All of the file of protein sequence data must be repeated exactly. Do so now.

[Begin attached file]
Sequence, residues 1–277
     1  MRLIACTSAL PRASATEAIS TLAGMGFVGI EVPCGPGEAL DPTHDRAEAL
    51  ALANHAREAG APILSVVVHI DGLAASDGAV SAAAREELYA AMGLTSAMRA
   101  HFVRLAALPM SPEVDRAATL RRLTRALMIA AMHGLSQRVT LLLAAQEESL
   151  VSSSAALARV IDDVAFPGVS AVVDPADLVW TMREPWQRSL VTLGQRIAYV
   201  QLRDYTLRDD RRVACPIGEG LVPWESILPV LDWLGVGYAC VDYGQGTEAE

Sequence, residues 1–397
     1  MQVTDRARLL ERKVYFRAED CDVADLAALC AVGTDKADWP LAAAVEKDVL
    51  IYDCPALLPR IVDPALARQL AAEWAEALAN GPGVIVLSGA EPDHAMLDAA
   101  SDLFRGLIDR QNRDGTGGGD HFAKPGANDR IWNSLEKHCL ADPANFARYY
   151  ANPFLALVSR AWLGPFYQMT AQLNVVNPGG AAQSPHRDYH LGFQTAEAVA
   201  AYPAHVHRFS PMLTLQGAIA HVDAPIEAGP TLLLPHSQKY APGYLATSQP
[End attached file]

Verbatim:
Sequence, residues 1–277
     1  MRLIACTSAL PRASATEAIS TLAGMGFVGI EVPCGPGEAL DPTHDRAEAL
    51  ALANHAREAG APILSVVVHI DGLAASDGAV SAAAREELYA AMGLTSAMRA
   101  HFVRLAALPM SPEVDRAATL RRLTRALMIA AMHGLSQRVT LLLAAQEESL
   151  VSSSAALARV IDDVAFPGVS AVVDPADLVW TMREPWQRSL VTLGQRIAYV
   201  QLRDYTLRDD RRVACPIGEG LVPWESILPV LDWLGVGYAC VDYGQGTEAE

Sequence, residues 1–397
     1  MQVTDRARLL ERKVYFRAED CDVADLAALC AVGTDKADWP LAAAVEKDVL
    51  IYDCPALLPR IVDPALARQL AAEWAEALAN GPGVIVLSGA EPDHAMLDAA
   101  SDLFRGLIDR QNRDGTGGGD HFAKPGANDR IWNSLEKHCL ADPANFARYY
   151  ANPFLALVSR AWLGPFYQMT AQLNVVNPGG AAQSPHRDYH LGFQTAEAVA
   201  AYPAHVHRFS PMLTLQGAIA HVDAPIEAGP TLLLPHSQKY APGYLATSQP